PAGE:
Samsung, Micron and SK Hynix face yet another class action lawsuit for allegedly fixing the prices of memory used in iPhones, Macs and nearly every other computing device, with memory producers accused of colluding to raise prices on the DRAM market.
Filed on May 3, the lawsuit alleges that Samsung, Hynix and Micron are working together to artificially inflate the cost of memory. By having near total dominance of memory production as a group, the three would have the ability to control memory pricing with relative ease.
The trio would have controlled this pricing by artificially limiting the supply of memory on the market. By supposedly creating a shortage of DRAM chips, the high demand for the components therefore drove up prices.
Representing 14 individual parties, the class action claims that the plaintiffs were victims of antitrust practices due to an alleged cutback in supplies. The class action lawsuit itself claims to represent Americans who bought mobile phones and computers between 2016 and 2017, a period in which the lawsuit claims DRAM chip prices have increased by more than 130%.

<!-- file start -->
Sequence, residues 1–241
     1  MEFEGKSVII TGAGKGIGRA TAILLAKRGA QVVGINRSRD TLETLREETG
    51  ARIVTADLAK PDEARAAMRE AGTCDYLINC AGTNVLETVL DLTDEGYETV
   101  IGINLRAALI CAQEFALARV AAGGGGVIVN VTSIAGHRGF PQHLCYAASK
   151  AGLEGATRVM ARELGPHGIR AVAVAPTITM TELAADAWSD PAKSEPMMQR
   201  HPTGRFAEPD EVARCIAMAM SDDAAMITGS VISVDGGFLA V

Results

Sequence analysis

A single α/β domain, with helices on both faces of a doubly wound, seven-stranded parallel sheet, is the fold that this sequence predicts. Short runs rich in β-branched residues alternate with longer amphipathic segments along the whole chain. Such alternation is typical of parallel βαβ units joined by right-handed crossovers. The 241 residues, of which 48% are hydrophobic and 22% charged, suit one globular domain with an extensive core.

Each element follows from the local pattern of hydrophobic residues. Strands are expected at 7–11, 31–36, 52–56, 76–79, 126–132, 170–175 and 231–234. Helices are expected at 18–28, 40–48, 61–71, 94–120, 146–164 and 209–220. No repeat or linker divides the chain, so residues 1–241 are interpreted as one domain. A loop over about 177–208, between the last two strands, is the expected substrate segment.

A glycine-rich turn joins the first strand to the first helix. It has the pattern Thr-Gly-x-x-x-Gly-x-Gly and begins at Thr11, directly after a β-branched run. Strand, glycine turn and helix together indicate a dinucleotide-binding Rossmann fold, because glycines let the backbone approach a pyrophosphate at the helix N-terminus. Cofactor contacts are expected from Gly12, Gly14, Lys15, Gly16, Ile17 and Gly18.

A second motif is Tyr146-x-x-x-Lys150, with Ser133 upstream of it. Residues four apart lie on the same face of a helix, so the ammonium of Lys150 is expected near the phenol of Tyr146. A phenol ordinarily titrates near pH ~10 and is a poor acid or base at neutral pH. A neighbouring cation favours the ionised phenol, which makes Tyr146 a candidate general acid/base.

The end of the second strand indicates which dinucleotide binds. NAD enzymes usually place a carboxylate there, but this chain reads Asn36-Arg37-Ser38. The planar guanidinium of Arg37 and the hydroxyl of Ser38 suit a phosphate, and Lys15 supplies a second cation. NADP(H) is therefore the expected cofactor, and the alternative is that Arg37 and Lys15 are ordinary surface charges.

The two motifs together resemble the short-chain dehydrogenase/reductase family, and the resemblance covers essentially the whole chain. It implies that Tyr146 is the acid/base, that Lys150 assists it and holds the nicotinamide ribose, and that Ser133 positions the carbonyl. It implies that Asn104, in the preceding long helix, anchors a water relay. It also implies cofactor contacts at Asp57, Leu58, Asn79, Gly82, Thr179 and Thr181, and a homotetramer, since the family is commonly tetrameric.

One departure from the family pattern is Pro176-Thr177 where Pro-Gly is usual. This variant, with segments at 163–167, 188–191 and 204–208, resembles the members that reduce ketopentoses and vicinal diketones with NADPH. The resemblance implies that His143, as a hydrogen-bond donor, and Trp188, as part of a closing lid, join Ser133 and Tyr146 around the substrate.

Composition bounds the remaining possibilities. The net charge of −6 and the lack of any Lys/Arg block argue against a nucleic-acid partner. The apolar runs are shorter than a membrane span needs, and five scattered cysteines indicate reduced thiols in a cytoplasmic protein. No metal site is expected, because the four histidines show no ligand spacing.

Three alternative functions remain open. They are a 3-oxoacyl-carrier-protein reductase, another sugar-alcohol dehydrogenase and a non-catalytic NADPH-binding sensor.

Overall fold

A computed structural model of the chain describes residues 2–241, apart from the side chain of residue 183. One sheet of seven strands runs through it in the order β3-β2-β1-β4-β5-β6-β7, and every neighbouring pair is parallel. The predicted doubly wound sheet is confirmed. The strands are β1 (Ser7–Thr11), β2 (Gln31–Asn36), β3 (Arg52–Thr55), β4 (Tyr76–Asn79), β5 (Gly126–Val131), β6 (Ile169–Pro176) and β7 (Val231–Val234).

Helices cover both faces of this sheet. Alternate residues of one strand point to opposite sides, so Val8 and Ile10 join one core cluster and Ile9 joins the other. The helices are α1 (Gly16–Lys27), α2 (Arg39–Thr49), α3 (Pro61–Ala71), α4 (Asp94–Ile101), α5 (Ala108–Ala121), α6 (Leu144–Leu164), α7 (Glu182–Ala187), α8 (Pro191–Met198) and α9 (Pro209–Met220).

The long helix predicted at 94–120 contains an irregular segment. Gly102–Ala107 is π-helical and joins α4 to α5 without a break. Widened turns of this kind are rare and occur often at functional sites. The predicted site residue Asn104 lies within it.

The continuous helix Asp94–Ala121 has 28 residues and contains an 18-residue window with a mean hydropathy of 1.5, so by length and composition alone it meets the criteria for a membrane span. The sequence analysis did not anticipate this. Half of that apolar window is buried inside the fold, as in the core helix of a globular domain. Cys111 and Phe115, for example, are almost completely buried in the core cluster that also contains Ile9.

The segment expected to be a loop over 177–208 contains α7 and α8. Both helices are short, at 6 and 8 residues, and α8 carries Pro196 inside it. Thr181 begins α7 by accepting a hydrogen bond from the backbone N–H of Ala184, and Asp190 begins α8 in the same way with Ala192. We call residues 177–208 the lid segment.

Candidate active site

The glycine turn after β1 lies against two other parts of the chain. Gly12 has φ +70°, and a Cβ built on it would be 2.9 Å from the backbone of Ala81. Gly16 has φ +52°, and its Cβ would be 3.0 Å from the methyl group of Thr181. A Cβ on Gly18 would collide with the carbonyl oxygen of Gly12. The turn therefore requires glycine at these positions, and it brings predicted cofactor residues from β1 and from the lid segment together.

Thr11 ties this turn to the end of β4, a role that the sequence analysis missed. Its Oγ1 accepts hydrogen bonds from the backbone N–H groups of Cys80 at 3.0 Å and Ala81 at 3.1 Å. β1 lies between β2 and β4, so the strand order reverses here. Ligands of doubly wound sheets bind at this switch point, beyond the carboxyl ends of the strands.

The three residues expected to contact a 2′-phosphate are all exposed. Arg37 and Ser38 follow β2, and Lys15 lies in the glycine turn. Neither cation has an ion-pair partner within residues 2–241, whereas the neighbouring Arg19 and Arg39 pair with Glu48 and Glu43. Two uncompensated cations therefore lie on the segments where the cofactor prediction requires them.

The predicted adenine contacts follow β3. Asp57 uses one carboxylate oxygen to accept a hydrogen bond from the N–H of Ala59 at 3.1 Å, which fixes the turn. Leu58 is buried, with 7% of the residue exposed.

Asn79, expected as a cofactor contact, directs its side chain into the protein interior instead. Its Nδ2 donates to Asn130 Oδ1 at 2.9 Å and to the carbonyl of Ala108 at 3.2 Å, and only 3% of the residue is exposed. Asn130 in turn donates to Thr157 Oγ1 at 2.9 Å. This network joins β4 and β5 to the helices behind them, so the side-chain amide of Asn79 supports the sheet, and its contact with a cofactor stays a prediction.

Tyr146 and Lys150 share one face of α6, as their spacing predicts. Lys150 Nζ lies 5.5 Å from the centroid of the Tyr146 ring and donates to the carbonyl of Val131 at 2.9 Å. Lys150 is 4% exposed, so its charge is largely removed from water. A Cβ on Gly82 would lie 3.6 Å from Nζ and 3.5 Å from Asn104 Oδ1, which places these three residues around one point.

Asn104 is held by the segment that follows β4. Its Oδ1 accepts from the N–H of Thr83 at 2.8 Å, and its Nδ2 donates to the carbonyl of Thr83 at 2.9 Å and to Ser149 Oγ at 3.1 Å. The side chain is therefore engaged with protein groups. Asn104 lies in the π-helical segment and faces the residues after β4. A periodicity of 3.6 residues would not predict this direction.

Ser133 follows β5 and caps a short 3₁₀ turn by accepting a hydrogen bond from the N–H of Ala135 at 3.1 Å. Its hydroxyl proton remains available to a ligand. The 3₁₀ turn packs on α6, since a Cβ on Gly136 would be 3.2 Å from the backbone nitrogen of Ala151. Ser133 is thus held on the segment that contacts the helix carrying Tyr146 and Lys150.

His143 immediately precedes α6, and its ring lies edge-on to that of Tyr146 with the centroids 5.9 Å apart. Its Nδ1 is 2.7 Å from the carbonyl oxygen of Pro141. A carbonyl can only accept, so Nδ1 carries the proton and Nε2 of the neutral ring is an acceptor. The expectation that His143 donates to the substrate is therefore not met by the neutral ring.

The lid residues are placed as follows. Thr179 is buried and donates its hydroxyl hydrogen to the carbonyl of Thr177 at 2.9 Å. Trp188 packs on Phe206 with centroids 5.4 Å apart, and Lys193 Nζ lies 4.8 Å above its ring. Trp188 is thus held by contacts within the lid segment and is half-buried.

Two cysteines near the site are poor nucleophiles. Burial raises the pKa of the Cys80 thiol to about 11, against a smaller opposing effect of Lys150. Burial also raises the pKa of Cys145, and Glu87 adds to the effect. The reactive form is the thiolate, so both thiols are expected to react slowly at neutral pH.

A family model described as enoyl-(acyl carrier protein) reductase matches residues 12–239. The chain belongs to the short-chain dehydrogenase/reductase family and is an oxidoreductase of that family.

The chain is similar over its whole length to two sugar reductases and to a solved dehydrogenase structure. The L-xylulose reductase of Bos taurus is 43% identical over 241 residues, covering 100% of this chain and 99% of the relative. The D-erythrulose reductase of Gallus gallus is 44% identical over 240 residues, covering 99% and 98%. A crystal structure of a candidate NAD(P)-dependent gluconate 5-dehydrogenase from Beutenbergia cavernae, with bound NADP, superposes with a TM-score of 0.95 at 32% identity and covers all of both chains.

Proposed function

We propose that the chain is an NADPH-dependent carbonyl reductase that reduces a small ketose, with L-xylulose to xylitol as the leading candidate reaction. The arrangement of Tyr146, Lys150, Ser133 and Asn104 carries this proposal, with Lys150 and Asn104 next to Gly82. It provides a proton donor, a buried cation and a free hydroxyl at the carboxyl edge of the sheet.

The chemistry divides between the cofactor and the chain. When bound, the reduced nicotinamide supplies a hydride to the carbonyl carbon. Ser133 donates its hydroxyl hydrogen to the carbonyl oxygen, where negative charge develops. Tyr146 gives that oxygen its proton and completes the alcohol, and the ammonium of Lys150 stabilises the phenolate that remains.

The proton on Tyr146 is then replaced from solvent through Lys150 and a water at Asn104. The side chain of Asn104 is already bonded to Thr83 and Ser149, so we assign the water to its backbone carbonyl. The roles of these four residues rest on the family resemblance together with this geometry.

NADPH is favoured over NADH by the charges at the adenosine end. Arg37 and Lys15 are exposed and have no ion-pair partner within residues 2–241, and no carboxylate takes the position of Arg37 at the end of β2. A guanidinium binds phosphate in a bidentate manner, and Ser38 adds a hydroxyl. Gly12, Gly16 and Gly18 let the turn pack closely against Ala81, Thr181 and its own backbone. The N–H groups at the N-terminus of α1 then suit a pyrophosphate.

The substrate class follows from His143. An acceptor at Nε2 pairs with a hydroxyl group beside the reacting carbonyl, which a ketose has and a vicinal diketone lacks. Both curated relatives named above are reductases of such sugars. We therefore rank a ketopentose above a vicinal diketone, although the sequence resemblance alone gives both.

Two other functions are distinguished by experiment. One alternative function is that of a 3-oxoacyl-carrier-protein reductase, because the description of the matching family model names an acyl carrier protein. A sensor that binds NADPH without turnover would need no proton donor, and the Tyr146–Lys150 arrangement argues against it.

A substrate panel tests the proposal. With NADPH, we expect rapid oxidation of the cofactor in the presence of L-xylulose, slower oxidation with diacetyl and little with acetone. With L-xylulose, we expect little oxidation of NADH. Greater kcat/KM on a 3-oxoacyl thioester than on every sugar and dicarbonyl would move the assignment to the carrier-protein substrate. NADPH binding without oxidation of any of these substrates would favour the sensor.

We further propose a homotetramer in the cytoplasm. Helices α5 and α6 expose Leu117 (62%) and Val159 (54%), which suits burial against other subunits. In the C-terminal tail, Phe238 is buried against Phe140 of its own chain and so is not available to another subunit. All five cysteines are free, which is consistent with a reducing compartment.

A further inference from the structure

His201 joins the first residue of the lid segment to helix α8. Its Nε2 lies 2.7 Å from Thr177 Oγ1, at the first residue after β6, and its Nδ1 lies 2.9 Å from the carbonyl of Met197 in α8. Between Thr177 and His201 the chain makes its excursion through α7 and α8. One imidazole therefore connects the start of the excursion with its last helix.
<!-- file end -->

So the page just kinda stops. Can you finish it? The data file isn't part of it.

The lawsuit filed by law firm Hagens Berman is a new attempt to one it started in 2018, making identical claims, but that lawsuit was dismissed in December 2020. It’s unclear exactly what’s different about it. the last pursuit attempt.
A 2006 lawsuit against Hagens Berman was successful, resulting in a settlement worth $ 345 million.
It remains to be seen whether the latest attempt will meet the same fate as the 2018 trial, as it may not be possible to prove appropriate levels of collusion in court. Industry representatives speaking to Korea Times observed that DRAM pricing is synchronized with demand and supply movements.
“It seems to be going too far to say that all three chipmakers have artificially inflated the price of DRAM chips,” one official said. “DRAM prices have shown a downward trend over the past two years.”
The timing of the final trial attempt is appropriate, as it takes place during a global semiconductor shortage. The global chip shortage, which is expected to last until 2022, has impacted consumer electronics production worldwide and affects everything from processors and memory chips to DRAM.